Posted by: U.S. Ambassador Geoffrey Pyatt
On Sunday and Monday, I had the chance to return to Odesa – a cool, multicultural city on Ukraine’s coast with extraordinary potential. It was my first trip back since the fire at the Trade Unions Building, and I was eager to learn about the transformative change the new Oblast Administration has undertaken.
On Sunday afternoon, I took the advice of some of my Twitter followers and visited the shops and beaches of Arcadia City. It was great to see so many families out (and a lot of American flag t-shirts!) – but I promise you will never see me on the amazingly high water slide that has almost finished construction! I also took the chance to join the crowds of tourists and locals out walking on Deribasivska Street – one of Ukraine’s greatest people watching spots.
My Monday started with Ukrainian civil society. I wanted to hear the views of young, reform-minded leaders and learn more about their efforts to drive forward the positive change we all want to see for Ukraine.
From there, we went to the Governor’s office, where I underscored U.S. support for the Oblast Administration’s efforts to tackle the problems of corruption and governance that have been such an impediment to economic development in Odesa. I talked a lot with Governor Saakashvili about how the United States plans to support these efforts in the days and weeks ahead – providing trainers to help stand up a new patrol police, helping to form an Anti-Corruption Task Force inside the Oblast Administration, and supporting other initiatives to improve policing, root out corruption, and strengthen rule of law, including a new grants program for civil society groups.
I also welcomed the chance to visit the new public service hall – the focal point of the Oblast Administration’s efforts to create an atmosphere of transparency and establish practices that ensure a level playing field and guaranteed delivery for government services. The building’s sunny atrium reminded me of the words of U.S. Supreme Court Justice Brandeis: sunlight is the best disinfectant. Everybody I’ve ever talked to in Ukraine has stories about the small-scale corruption that has infected the process of receiving government services. This new service center reinforces that government is meant to serve the interests of the citizens, and not the other way around. That’s the foundation that this initiative is being built on.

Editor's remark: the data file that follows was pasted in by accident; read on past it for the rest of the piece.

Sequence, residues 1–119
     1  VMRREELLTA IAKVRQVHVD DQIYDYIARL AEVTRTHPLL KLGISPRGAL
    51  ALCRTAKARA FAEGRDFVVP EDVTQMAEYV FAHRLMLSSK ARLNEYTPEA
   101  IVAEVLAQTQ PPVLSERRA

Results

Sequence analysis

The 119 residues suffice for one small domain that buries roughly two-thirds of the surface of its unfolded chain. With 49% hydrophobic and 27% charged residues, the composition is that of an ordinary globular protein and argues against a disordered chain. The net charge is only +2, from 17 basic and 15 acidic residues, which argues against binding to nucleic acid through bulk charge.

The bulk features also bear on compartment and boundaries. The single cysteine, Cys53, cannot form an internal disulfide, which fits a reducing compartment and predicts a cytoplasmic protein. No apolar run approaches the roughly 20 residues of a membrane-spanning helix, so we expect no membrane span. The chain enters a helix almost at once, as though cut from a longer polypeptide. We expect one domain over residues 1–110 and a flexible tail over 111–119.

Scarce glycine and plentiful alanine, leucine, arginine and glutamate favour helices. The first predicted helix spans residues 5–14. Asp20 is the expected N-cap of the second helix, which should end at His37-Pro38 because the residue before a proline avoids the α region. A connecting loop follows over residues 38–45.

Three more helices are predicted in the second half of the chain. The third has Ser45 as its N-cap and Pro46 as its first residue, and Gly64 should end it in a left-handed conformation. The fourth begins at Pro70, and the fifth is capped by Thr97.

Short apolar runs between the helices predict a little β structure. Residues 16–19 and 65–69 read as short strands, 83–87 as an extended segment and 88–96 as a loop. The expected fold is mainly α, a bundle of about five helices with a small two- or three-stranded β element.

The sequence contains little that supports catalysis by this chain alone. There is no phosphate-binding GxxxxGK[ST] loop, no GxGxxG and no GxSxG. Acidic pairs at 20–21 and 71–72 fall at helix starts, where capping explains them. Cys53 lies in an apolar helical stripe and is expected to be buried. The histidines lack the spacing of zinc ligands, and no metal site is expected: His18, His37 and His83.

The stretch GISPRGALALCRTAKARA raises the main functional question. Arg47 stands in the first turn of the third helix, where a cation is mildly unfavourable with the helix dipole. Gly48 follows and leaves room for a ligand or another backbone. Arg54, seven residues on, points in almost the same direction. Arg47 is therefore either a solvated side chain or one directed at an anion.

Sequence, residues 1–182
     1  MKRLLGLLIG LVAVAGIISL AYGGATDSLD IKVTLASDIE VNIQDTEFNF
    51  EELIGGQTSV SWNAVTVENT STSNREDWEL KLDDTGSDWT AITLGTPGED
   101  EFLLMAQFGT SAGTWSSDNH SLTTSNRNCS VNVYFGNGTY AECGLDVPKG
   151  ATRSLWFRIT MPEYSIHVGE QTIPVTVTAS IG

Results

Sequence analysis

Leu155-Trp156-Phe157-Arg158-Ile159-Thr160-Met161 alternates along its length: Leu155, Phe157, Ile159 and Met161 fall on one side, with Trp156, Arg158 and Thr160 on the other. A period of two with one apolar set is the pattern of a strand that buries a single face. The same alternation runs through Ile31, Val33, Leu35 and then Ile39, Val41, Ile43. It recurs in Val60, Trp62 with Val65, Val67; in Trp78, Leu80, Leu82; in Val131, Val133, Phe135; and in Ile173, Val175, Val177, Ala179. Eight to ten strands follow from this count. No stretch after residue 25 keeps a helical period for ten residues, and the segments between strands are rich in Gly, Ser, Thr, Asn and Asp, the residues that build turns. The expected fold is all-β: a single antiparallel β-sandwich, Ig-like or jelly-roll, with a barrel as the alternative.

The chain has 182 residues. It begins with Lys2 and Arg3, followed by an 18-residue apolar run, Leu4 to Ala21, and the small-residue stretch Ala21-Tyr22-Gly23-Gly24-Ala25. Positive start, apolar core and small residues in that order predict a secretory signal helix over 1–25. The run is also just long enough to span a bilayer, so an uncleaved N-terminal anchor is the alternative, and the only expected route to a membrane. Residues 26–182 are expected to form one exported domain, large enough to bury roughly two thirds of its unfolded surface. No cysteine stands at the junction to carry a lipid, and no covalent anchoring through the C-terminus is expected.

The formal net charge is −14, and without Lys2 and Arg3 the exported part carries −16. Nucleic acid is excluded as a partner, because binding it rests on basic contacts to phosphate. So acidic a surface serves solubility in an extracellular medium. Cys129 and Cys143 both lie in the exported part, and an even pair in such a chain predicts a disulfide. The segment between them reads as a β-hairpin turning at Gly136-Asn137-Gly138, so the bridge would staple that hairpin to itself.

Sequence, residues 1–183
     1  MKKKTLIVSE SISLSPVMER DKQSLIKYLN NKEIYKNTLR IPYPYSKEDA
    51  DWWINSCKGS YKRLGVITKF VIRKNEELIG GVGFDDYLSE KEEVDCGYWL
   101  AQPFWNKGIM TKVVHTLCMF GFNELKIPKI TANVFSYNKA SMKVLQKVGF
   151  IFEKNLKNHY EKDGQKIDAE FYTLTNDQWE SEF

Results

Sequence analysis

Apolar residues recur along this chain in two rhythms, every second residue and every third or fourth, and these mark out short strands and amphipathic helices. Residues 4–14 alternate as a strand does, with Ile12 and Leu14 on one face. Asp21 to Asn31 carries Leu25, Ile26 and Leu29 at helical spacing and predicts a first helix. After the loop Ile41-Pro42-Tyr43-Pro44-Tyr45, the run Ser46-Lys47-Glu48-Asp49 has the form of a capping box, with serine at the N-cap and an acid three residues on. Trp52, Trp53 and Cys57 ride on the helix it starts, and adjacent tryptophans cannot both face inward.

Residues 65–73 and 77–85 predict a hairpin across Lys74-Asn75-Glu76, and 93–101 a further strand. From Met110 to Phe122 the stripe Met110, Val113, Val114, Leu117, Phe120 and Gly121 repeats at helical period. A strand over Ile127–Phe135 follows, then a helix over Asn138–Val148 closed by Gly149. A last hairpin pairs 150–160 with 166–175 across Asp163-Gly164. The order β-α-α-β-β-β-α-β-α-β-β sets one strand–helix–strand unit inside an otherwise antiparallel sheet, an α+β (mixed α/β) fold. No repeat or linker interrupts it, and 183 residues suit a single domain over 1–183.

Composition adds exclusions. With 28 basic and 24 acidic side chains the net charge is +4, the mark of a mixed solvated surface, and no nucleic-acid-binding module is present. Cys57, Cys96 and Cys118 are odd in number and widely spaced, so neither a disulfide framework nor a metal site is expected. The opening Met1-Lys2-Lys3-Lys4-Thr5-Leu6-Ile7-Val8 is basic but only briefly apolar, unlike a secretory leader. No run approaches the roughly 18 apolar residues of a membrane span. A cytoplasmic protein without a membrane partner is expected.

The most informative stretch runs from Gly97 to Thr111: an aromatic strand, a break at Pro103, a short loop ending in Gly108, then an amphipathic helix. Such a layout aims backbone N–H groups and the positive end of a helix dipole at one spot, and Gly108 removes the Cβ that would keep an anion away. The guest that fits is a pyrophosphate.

After meeting with the Mayor, and discussing his own efforts to support these anti-corruption efforts (which I applaud), I headed to the port, where I visited customs officials and a recently expanded grain handling facility. It reminded me of the huge untapped potential of this part of Ukraine. Every time I visit Odesa, I am reminded that it is a globally connected, cosmopolitan city. It should be a thriving gateway, not just for Ukraine’s maritime commerce, but really for all of central and eastern Europe. And I think it has the potential to re-emerge as a great global crossroads once again.
A highlight of my trip was the time I spent on-board the Sahaydachny, to pay my respects to Ukraine’s sailors on behalf of the U.S. Navy as they celebrated Ukraine’s Navy Day. The honor guard was terrific, I was moved as the band played the U.S. national anthem on the deck of the ship, and I am so very grateful for Admiral Hayduk’s hospitality.
Finally, I had the chance to visit with the members of the American Chamber of Commerce, where I previewed the U.S.-Ukraine Business Forum being held by the U.S. Secretary of Commerce and the U.S. Chamber of Commerce in Washington next week.
I come away from this visit to Odesa with a sense of optimism. Most important to me is the sense I got from people from all over the Oblast — not just the Governor and his inner circle — but from a variety of people that there’s a willingness now to focus in a very serious way on the reform agenda, and an eagerness to partner with the international community.
But most important was the validation I heard from members of Ukrainian civil society. The belief among civil society is that this is not just window dressing, that this represents a real change in direction and change in tone by the Odesa authorities.
Everywhere I go in Ukraine I find an appetite for change, for getting rid of the corruption, for removing the barriers and obstacles to doing business that have had such an awful impact on this country over too many years. I said to the Governor that I was confident that as long as he drives forward the pace of reform, we will continue to see an active and visible presence from me and my colleagues. We see real opportunity here — we see change coming. And as long as Ukraine keeps delivering on the promise of reform, the United States will continue supporting it on its path toward a more democratic, prosperous, European future.